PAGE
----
What happens if you visited a secluded beach and then discovered that you were not only stranded there, but you were aging at an unnaturally fast rate?
In M. Night Shyamalan’s latest film, based on the graphic novel Sandcastles by Pierre Oscar Levy and Frederick Peters, this is the fate that befalls three different groups of people. They’re all guests at the Anamika Resort, a gorgeous all-inclusive resort in an unnamed tropical destination; it’s the kind of place that offers customized complimentary drinks upon arrival and chauffeured drivers to private beaches on a gated nature reserve. Of course, there’s far more going on than meets the eye.
Old doesn’t waste much time on exposition before arriving at the cursed beach. The film opens on a nuclear family – Guy (Gael García Bernal), Prisca (Vicky Krieps), 11 year old Maddox (Alexa Swinton) and six year old Trent (Nolan River) – as they arrive at the resort. It’s immediately evident that there’s tension between the adults, which is confirmed that night when they bicker about their impending separation as the kids listen in the other room.
The next morning the family is invited by the Resort Manager (Gustaf Hammarsten) on a special day trip, along with another family consisting of doctor Charles (Rufus Sewell), his much younger wife Chrystal (Abbey Lee), their six year old daughter Kara (Kyle Bailey) and Charles’ elderly mother Agnes (Kathleen Chalfant).
Later, after a body has washed ashore, another pair – mixed-race couple Jarin (Ken Jeong) and Patricia (Nikki Amuka-Bird) – arrive. Together with incognito rapper Mid-Size Sedan (Aaron Pierre), there’s eleven people stranded on the beach. It doesn’t take long for the motley group to discover that there’s something off about the scenic location, including the fact that the bluffs they passed through to reach the beach prevents them from escaping, leaving anyone who tries unconscious.
The premise is high-concept and, given Shyamalan’s early-career penchant for twists, audiences may be wary of having the rug pulled out from under them. One of Old’s best creative decisions is to keep the focus on the beach with the characters, effectively stranding the audience with the group in order to ratchet up the paranoia and desperation. Although the film barely takes place over the course of a day, there is a surprising ebb and flow as characters panic, react and even make peace with their situation.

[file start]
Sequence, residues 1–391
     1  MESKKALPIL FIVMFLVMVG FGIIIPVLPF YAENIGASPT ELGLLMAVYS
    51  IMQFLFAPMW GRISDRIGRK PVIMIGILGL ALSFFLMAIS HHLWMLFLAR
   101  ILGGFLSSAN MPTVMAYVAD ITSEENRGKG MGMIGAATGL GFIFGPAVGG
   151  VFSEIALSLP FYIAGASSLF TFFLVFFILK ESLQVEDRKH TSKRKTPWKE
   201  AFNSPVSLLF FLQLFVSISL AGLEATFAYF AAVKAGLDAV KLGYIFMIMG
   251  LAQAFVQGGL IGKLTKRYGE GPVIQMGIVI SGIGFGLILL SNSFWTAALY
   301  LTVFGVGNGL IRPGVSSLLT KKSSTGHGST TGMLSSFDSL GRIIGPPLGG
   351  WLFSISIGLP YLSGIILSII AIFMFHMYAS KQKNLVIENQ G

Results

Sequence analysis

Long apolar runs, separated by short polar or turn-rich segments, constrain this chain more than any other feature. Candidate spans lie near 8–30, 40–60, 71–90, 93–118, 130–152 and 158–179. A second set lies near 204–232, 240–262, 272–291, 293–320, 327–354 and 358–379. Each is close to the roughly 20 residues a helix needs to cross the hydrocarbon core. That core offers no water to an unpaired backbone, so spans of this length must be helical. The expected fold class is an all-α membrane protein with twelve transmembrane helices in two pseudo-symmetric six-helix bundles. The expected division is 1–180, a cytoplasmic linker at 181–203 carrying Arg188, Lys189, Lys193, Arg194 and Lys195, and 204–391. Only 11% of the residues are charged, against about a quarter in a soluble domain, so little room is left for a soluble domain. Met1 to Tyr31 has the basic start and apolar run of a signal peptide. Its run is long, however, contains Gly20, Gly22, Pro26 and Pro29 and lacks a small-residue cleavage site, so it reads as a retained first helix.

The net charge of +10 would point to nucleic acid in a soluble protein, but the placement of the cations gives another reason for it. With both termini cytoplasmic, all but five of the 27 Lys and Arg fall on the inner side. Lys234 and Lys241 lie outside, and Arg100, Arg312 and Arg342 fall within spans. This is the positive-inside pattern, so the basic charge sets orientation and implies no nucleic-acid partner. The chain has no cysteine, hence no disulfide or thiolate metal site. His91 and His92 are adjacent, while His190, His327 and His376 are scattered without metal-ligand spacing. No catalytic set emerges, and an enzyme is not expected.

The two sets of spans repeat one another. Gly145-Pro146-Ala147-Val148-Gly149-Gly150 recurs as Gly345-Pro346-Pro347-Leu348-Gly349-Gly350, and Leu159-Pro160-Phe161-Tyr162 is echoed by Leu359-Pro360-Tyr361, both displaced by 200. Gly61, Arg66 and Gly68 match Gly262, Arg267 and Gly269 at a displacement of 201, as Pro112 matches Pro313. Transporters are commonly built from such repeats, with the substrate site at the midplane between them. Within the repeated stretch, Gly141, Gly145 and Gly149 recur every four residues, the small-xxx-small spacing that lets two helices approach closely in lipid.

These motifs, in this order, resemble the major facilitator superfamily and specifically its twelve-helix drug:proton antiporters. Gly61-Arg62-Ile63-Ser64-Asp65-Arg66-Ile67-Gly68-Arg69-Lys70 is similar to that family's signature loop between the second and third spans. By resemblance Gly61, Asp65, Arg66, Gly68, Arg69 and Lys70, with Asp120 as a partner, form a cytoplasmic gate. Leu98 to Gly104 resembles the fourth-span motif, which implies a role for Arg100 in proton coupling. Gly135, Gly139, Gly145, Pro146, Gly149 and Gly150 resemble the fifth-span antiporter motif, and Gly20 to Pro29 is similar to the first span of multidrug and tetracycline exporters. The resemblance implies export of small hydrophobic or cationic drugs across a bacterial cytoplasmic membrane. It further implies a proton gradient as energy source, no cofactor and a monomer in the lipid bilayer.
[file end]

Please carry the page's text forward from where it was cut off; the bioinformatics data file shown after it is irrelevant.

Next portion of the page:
This proves slightly more challenging with the kids, who age an entire lifetime over the duration of the film. Each of the three children are played by multiple actors (Alex Wolff, Thomasin McKenie and Eliza Scanlen play Trent, Maddox and Kara as teens/early adults) and the film gets some interesting mileage out of their struggle to develop at the same intellectual and emotional rate as their physical bodies. This results in one of the most upsetting sequences in the film as the young children speed through puberty to disastrous results.
The mental vs physical disconnect for characters does unfortunately result in some flat characterization. Few of the characters in the film can be described as fully fleshed out, though the relationship arc for Prisca and Guy, who are forced to reconcile the events that led to their failed marriage, results in the film’s most significant emotional pay-off. Other characters, such as Charles, Chrystal and Mid-Size Sedan, barely register as anything other than archetypes, albeit they are frequently entertaining and/or instrumental players in many of the events that unfold.
Where Old finds its greatest success is in the horrors of time as a weapon. There is plenty of conflict among the group, including (principally) Charles’ rapidly declining cognitive abilities and obvious racism, which leads to some really great moments of violence. Shyamalan delights in finding creative ways to use the accelerated time to punish characters, as wounds immediately scar over, tumours grow preternaturally fast and infections take hold in seconds. One body horror sequence involving broken bones is a strong contender for best death of the year.
As with all things Shyamalan, there will be dissent. In addition to making his now obligatory cameo in an integral role, some viewers will find the way the filmmaker shoots the film (along with director of photography Mike Gioulakis) confronting. While the slow oscillating pans away from the action to connote the passing of time is effective, the choppy, off-kilter framing of characters’ faces and the use of discomforting close-up will prove more controversial. The result is an occasionally experimental feel that contradicts the typical visual aesthetics of big budget Hollywood films; it won’t resonate with everyone.
The Bottom Line: While many of the characters are underdeveloped and the visual aesthetic will be off-putting to some, Old nonetheless features an exciting, unorthodox premise and delivers some exceptionally gruesome and creatively horrific set pieces. Like most Shyamalan films, this will be divisive. 3/5
Old is in theatres July 23